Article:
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Com 275 Exam 2 Review Guide

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Michigan State University
COM 275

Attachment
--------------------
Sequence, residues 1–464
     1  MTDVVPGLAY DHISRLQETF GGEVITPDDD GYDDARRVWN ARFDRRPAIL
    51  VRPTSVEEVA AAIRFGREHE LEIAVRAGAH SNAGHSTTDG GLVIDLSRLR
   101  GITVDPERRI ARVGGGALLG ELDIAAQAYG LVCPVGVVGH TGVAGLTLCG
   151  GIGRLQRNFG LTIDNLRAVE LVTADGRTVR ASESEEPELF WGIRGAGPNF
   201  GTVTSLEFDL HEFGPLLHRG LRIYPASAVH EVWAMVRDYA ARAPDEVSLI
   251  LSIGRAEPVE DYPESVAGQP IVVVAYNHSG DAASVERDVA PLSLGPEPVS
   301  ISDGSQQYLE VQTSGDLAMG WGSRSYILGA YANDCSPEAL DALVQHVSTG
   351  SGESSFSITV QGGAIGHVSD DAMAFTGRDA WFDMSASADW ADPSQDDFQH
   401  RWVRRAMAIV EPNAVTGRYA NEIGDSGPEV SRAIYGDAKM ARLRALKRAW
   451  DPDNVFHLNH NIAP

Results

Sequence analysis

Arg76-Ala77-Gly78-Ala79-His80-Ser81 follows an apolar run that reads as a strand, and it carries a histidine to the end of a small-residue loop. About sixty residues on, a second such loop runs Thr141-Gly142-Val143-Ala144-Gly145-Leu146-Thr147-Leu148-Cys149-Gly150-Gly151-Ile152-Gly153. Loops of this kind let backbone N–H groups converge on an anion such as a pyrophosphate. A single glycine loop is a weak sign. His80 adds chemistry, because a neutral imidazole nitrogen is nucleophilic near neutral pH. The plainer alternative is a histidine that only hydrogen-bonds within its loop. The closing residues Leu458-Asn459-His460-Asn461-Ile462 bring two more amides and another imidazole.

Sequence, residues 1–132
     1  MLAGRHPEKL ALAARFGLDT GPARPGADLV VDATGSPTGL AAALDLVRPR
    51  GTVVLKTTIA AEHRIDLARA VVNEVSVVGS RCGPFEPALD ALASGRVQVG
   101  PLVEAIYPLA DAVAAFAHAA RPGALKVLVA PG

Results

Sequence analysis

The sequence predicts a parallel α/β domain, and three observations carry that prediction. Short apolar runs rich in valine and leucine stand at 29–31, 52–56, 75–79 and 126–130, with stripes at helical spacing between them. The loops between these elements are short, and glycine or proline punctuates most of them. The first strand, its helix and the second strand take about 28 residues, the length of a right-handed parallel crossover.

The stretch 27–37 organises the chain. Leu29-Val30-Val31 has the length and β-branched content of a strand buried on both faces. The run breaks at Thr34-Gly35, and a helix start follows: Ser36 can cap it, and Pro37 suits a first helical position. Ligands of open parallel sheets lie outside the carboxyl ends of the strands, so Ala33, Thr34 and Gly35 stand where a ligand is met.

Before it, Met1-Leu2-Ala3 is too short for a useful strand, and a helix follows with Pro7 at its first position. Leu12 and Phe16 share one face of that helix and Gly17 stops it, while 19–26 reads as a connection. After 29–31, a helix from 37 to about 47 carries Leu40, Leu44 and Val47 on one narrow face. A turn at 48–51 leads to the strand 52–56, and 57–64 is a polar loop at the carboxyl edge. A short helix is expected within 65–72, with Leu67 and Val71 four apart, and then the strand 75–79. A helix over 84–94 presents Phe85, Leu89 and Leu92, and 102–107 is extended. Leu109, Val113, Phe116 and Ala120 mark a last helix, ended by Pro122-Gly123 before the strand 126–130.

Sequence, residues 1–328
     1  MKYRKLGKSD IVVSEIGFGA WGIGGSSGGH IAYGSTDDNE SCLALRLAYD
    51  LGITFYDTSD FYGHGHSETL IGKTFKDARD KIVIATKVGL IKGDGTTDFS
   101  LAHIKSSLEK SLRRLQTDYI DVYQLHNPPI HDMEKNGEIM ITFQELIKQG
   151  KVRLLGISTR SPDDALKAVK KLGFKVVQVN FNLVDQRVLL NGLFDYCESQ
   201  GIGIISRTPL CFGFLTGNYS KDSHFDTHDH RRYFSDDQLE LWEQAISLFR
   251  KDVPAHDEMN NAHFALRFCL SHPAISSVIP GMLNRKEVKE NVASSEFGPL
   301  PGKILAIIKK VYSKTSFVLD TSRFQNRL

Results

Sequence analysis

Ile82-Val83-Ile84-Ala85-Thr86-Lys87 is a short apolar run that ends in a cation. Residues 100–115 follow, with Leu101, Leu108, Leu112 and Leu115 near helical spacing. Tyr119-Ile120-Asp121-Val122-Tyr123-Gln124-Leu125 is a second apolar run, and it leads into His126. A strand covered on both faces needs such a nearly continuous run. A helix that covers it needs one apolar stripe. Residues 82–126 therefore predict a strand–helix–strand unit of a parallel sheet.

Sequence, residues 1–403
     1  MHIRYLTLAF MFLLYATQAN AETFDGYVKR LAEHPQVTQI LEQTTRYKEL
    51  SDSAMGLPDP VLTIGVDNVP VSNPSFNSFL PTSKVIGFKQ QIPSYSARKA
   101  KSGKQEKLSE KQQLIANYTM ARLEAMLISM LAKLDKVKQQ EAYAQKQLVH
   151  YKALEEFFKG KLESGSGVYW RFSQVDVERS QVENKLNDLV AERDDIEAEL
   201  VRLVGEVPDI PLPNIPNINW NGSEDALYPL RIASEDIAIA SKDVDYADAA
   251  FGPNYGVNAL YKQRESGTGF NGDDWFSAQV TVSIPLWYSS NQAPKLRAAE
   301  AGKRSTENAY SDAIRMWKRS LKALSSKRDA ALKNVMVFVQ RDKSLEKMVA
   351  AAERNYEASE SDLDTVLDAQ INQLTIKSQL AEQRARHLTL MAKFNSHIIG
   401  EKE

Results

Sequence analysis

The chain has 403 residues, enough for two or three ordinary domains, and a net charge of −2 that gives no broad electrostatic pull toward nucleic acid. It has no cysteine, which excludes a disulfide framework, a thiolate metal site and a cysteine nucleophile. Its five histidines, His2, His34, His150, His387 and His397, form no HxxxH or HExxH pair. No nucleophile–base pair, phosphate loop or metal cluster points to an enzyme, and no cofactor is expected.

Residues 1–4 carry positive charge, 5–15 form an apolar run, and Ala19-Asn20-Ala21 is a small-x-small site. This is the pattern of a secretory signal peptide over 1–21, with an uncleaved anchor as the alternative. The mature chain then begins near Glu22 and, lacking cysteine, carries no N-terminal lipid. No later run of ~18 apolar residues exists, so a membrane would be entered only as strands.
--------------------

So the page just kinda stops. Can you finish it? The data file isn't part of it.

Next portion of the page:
lecture 10 • Triadic reciprocal causation- thought and behavior are determined by: • behavior • personal characteristics • environmental factors distinctly human traits four distinctly human traits • • symbolizing capacity • the ability to use symbols to transform experiences into cognitive models for the future (e.g. words) • self regulatory capacity • the ability to evaluate and motivate oneself • self reflective capacity • the ability to verify thoughts to see if they are right • vicarious capacity the ability to learn without experience • four self reflective models • logical model • verify using logical deduction • enactive model • verify by assessing consistency between perception and own experience to make sure thinking is correct • social model • verify based on comparison with other’s beliefs • vicarious model • verify based on the observing the experience of others and their outcomes observational learning and modeling • observational learning- a person can learn by observing the actions of others modeling- the reenactment of observed behavior • • 4 step process • attention, retention, motor reproduction, and motivation • abstract modeling- rules of previously learned behavior generate new behaviors in related situations • modeling creators both inhibitory and disinhibitory effects Effects of modeling • observing action that conflicts with established behavior • inhibitory effects- observation restraints a person from acting in a previously learned way • disinhibitory effects- observation weakens internal restraints on certain behavior • anti social effects cognitive, affective, behavioral • • prosocial effects • empathy, sharing Priming • priming occurs when media activates related thoughts stored in one’s mind • based on cognitive neoassociation • network of semantically related thoughts • stimuli trigger chains of mental activation models of priming • storage bin model • recently primed concepts are the strongest • storage battery model • frequently primed concepts are strongest synapse view model • • time determines strength- for a short time recent primes are more important- conceptual roots • cognitive neoassociation • network of semantically related thoughts and feelings • brain stores memories, thoughts, and scripts together • stimuli together a chain of mental activation • ex: apple--> fruit---> food---> hunger---->eat • mental models • dynamic representations of a situation, event, or object • mental models are time-bound but exist longer than network models Lecture 11 diffusion of innovations • diffusion • the process by which an innovation is communicated through certain channels over time among the members of a social system innovation • • an idea, practice, or object perceived as new by an individual or other unit of adoption • s-shaped curve • how innovation spreads through society starts slowly, then rapid growth, then stabilizes • Four Main Elements: • innovation • communication • social system • time successful innovation: • relative advantage compatibility • • complexity • trial ability • observability Steps in the diffusion/adoption process • knowledge • people become aware of the new idea • persuasion • individual weighs advantages • decision • final decision of adoption or rejection • implementation • put innovation into use confirmation • • seeks validation and evaluate consequences Adopter categories of diffusion • innovation early adopters • • early majority • late majority • laggards Conceptual roots and steps in diffusion and adoption • conceptual roots • imitation • social learning theory symbolic modeling • • steps in diffusion and adoption • knowledge, persuasion, decision, implementation, and confirmation Lecture 12 Agenda Setting: • Media affects the importance placed on issues • two main areas of research • agenda setting • concerned with how the media agenda influences the public agenda • agenda building • concerned with how the media agenda and the public agenda influence the policy agenda Theory Refined • ongoing competition among people to gain the attention of media professional, the public, or policy elites Priming and framing a prime shapes info what we attend to • • a frame shapes how we understand and store it • attribute agenda setting and framing • 1st level agenda setting refers to issue salience • 2nd level refers to influence on perceptions of issues Frame building vs setting • frame building research • examines how news professionals or elites construct frames • frame setting research • examines effects of news frame on audiences • These effects include: • how audiences defines issues • attributions of cause perceived societal implications • • beliefs on how best to resolve the issue • framing can have more broadly felt influences lecture 13 • cultivation hypothesis • heavy views of TV begin to see the real world as more like the TV world • conceptual roots • symbolic interaction (through story telling) • mainstreaming • heavy TV viewers from diverse groups develop similar perceptions of the real world • resonance • when real world events support distorted image of reality shown on TV cultural indicators project institutional process analysis • • examines production, management, and distribution of messages • message system analysis • investigates images in content cultivation analysis • • compares heavy and light viewers assumptions and criticisms of cultivation • assumption • messages are uniform • viewing of tv is non selective • tv viewing is habitual • criticisms assumptions are false • • underlying processes are unspecified • concepts are hard to test theoretical bases for cultivation • cognitive paradigm • viewers learn then construct beliefs • availability heuristic accounts for TV’s impact recurrent images more available to